Every year the federal government gives needy college students $34.5 billion that they don't have to pay back. More than 9 million students rely on Pell Grants. A new study says in addition to many of the students being older, much of that money is going to people who never graduate.
When Tiger Woods tees off at Augusta National Golf Club this week, he will have overcome injuries and personal scandal. But commentator Frank Deford wonders whether a Masters win for Woods would be a comeback or his way of getting back at his detractors.
How should boomers plan to pay for school when, on average, students graduate from college in the U.S. with $25,000 in debt? Ron Lieber, who writes about personal finance for The New York Times, tells Morning Edition's David Greene about planning strategies and pitfalls to avoid.
Almost 1 million people are employed in construction in Texas, but many have a hard time making a living safely. The state's construction industry has the highest fatality rate in the nation, while large numbers of undocumented workers have suppressed wages and made it easy for contractors to exploit laborers.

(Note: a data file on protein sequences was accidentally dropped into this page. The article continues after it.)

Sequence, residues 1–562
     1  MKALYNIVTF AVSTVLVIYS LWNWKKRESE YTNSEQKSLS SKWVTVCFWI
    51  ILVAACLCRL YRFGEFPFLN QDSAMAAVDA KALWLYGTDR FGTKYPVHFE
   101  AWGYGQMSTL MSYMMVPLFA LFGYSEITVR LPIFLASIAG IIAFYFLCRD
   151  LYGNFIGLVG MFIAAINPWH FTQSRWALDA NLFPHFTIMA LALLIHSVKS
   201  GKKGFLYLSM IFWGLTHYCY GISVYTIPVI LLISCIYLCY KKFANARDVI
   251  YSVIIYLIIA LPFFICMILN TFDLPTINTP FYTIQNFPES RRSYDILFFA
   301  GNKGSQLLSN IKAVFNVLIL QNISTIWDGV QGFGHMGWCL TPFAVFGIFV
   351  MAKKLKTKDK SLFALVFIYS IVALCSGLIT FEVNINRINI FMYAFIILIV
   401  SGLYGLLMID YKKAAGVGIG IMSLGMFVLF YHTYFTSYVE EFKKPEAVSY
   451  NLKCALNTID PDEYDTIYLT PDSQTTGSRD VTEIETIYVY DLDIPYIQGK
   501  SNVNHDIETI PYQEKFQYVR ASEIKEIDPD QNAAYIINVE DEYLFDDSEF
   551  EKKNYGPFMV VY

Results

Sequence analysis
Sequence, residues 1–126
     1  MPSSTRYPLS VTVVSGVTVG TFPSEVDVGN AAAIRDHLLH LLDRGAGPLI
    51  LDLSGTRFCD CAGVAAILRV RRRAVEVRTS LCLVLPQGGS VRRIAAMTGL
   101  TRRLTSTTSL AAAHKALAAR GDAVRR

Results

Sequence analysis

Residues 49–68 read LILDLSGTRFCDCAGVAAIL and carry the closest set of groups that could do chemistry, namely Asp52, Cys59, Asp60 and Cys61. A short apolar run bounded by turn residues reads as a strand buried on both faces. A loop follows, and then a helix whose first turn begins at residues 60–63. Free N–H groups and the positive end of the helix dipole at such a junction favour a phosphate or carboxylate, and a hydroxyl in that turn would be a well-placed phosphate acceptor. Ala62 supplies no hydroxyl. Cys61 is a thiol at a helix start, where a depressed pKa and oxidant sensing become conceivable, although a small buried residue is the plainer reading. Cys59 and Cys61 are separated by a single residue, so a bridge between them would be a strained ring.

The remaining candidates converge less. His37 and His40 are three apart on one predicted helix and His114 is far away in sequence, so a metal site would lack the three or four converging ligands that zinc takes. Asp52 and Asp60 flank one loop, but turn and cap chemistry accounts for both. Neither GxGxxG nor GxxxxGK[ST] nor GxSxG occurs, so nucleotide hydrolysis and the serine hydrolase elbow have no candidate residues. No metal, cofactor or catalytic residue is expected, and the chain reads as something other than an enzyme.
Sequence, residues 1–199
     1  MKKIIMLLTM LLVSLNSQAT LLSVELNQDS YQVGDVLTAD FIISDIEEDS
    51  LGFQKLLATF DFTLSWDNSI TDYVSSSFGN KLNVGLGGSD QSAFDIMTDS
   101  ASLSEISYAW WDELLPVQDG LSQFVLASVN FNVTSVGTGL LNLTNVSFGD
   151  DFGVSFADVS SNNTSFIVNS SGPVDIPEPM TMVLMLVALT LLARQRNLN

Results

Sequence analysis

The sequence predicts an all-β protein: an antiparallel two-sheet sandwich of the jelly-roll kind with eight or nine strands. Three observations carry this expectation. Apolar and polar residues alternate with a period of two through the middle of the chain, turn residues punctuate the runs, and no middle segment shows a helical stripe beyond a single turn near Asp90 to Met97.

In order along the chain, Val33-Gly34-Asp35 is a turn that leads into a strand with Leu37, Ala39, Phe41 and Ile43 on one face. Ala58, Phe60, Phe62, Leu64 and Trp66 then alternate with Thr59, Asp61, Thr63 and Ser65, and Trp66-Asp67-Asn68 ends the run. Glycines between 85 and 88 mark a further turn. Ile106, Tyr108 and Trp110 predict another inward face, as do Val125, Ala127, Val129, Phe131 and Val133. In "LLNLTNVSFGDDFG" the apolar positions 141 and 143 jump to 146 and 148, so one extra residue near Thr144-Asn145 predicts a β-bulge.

Amid deep budget cuts and layoffs, the nation's second-largest school district is spending $4.5 million to hire 1,000 new aides this year. The superintendent says he'd rather use the money to hire back teachers, but the shootings in Newtown, Conn., led to a change in priorities.
Around the country, budget cuts are bringing some federal public defenders to the breaking point. "We can't not pay the rent, and ... everything else is personnel. We can't send a computer to court," says Washington, D.C., public defender A.J. Kramer.
Many economists would applaud a change in the way Social Security administrators measure inflation. But many older Americans may hiss at using something called the "chained CPI," fearing a new formula will cut their benefits in coming years.
After losing many customers through an unsuccessful facelift attempt by Ron Johnson, J.C. Penney will be led by former CEO Myron Ullman. One analyst says it must "embrace" its customers to recuperate, but others wonder if it can survive.
University of Louisville fans have had a lot to cheer about lately — and not just basketball. Monday's big victory by the school's men's basketball team over Michigan is just the latest success for an athletic department that is quickly becoming one of the country's most admired.
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